The only Group 1 subject offered is English. Pre-IB courses are English courses in World Literature (9th grade) and American Literature (10th grade), as well as a course in public speaking skills (9th grade).[12] Students who are non-native speakers are still expected to take English as their Language A, so most have a near-native degree of fluency.

French, German, and Spanish are all offered as Group 2 subjects, which the student studies for two years at IA before beginning the IB Language B class in that language. Students are also allowed to take an extra language ab initio in place of a Group 6 subject.[13] In the early years of the school, the current English wing was occupied by the Japanese School of Metropolitan Detroit (currently located at Birmingham Seaholm High School), and students could choose to take Japanese as an elective in their freshman and sophomore years. However, this is no longer available as an option.

All students are required to take IB History as their Group 3 subject. IB Economics is also offered as a replacement for a Group 6 subject. To prepare for IB history, freshmen must take a course in world history and geography and sophomores take a history course focused on American history as well as including information on the French and Latin American revolutions. A semester-long course in micro-economics is also required for freshmen.[14]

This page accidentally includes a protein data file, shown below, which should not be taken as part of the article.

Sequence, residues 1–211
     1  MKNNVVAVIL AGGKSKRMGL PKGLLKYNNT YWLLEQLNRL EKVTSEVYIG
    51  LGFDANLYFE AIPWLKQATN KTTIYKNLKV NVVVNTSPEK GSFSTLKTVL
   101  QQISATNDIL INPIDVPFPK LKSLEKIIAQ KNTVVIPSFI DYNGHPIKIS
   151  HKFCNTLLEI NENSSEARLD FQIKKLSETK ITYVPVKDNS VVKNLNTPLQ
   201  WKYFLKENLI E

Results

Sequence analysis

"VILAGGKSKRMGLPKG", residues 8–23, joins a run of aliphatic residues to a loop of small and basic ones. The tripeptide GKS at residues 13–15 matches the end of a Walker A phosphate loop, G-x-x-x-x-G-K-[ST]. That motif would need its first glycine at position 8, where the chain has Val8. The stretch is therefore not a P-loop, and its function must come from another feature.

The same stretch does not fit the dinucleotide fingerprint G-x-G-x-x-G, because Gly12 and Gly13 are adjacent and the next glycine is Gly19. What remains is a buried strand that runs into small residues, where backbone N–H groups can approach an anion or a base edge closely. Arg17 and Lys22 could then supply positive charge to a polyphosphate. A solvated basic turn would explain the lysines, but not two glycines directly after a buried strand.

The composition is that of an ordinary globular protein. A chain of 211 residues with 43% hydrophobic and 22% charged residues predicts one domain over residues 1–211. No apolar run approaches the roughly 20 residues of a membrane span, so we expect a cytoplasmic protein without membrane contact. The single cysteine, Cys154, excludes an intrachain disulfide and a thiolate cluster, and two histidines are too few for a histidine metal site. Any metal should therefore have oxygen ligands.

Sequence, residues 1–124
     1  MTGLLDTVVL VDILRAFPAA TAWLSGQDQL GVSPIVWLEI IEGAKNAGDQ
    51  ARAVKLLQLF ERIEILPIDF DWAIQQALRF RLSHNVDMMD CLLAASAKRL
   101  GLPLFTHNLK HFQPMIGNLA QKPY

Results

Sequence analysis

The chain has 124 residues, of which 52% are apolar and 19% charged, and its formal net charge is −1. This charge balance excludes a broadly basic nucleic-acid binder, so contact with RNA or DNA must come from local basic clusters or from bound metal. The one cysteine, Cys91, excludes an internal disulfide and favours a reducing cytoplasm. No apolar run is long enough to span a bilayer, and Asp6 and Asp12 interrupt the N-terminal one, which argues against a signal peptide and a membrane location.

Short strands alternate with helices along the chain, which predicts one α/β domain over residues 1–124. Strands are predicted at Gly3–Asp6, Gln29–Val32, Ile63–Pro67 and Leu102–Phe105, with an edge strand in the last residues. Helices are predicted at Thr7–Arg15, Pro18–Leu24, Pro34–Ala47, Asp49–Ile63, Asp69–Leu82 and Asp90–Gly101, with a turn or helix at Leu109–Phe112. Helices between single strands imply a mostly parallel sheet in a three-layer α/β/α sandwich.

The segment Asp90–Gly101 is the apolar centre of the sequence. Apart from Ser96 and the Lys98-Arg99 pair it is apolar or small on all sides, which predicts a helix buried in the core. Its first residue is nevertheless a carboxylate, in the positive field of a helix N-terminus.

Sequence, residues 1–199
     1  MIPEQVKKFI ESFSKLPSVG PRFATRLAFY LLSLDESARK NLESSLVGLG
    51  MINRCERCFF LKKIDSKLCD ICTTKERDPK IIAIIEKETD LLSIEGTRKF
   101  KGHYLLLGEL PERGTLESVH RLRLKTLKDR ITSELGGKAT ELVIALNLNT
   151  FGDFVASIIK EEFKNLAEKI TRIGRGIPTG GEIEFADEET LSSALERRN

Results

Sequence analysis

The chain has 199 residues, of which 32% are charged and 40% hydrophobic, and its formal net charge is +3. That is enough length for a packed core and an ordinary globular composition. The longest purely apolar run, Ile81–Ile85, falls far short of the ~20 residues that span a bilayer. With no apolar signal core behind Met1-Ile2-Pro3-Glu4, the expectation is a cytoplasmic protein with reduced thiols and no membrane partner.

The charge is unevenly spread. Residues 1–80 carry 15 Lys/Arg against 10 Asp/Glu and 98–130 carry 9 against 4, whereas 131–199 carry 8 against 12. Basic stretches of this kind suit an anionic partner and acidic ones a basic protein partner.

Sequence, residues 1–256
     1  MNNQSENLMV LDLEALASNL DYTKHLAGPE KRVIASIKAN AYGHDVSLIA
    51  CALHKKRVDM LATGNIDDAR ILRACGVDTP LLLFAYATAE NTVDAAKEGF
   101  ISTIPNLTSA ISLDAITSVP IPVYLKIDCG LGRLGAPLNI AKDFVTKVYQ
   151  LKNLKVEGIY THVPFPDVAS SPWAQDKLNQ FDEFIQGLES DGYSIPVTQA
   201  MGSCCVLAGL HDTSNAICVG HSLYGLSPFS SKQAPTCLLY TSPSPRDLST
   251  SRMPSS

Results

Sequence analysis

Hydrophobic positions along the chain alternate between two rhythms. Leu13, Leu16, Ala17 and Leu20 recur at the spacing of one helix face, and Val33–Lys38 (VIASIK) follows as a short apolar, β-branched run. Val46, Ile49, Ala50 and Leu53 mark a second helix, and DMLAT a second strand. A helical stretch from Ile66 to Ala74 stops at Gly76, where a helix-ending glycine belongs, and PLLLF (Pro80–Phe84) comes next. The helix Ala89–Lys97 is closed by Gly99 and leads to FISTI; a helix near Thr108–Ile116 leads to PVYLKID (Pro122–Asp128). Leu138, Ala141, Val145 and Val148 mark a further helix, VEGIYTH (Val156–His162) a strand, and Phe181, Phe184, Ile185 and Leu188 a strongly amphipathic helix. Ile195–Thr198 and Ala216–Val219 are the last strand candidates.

The International Academy offers almost all of the available Group 4 subjects. Students can elect to take Biology, Chemistry, Physics, or Environmental Systems, as well as an extra Group 4 subject in place of a Group 6 subject. This is the option taken by the majority of IA students. To prepare for the IB sciences, students must complete one course in biology during freshman year, one in chemistry during sophomore year, and a half-semester physics course each year.[15]

Traditionally, Group 5 subjects offered at the International Academy included Mathematical Studies SL, and Mathematics HL and SL. IA students, upon entrance to the International Academy, are placed on a math tracking system based on a score on a placement test and math classes taken in middle school. Students who have taken Algebra 1 only in middle school are offered the option of eventually studying Mathematical Studies or Mathematics SL, whereas students who have taken both Algebra 1 and Geometry are given the option of Mathematics HL as well.[16] The IA has added an IB Further Mathematics course for very advanced students.[17]